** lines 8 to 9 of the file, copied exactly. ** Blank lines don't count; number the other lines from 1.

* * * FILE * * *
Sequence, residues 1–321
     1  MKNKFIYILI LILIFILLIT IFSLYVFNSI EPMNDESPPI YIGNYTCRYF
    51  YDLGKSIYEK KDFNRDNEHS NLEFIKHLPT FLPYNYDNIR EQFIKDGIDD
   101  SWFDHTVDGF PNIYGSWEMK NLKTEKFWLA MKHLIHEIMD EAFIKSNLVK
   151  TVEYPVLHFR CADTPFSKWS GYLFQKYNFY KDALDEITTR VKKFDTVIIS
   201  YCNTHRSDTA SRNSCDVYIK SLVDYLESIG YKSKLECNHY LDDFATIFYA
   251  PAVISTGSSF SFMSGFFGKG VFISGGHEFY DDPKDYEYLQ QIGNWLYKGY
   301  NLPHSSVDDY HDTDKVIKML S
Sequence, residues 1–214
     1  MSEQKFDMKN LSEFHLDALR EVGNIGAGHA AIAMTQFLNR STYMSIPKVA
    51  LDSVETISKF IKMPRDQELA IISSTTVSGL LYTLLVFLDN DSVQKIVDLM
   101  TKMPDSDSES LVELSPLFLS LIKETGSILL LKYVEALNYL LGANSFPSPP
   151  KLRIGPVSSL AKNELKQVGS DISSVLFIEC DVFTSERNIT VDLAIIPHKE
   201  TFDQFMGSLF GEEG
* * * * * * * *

   301  NLPHSSVDDY HDTDKVIKML S
Sequence, residues 1–214